Translation of materialize in Spanish:

materialize

Pronunciation: /məˈtɪriəlaɪz; məˈtɪəriəlaɪz/

vi

  • 1.1 (take form) [object/ghost] aparecer* I waited over an hour, but he never materialized esperé más de una hora, pero no apareció
    More example sentences
    • We had been told to expect a rescue package but none had materialised.
    • A mixture of reef sharks and bulls, they have an uncanny ability to appear behind you or materialise from behind a coral head only feet away.
    • She crawled out of her sleeping bag and her dark head peered around the room once more, as though she expected her friends to materialise out of nowhere.
    More example sentences
    • There must be strange entities materializing from the ether, ghouls, ghosts, or spirits hanging out in the material world to warn or haunt us.
    • Near Virginia City, Nevada, the spirit of a camel materializes, led by a dead man.
    • This time he knew what it was before the ghost even materialized.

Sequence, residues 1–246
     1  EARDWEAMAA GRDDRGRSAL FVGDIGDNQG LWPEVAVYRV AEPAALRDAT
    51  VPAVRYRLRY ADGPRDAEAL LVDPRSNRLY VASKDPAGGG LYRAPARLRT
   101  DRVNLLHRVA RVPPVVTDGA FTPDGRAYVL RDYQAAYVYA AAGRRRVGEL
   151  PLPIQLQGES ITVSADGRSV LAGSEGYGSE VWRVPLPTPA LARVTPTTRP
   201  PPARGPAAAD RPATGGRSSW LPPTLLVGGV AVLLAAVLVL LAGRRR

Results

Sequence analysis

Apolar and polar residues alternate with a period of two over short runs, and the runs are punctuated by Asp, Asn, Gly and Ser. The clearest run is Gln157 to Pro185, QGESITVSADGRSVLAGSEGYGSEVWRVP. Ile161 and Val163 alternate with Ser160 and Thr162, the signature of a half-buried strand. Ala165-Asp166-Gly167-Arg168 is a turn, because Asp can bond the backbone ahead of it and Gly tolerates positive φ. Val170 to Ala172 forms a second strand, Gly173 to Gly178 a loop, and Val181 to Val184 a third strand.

1.2 (become real) [hope/idea] hacerse* realidad, concretarse, materializarse*
    More example sentences
    • Needless to say these jobs never materialised and in fact 175 jobs from the existing plant in Limerick were actually lost.
    • The expectation was for an abrupt decline in consumer expenditures that, in fact, did not materialize.
    • The salaries did in fact later materialize, and living within salaries is no form of corruption.

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Cultural fact of the day

Most first names in Spanish-speaking countries are those of saints. A person's santo, (also known as onomástico in Latin America and onomástica in Spain) is the saint's day of the saint that they are named for. Children were once usually named for the saint whose day they were born on, but this is less common now.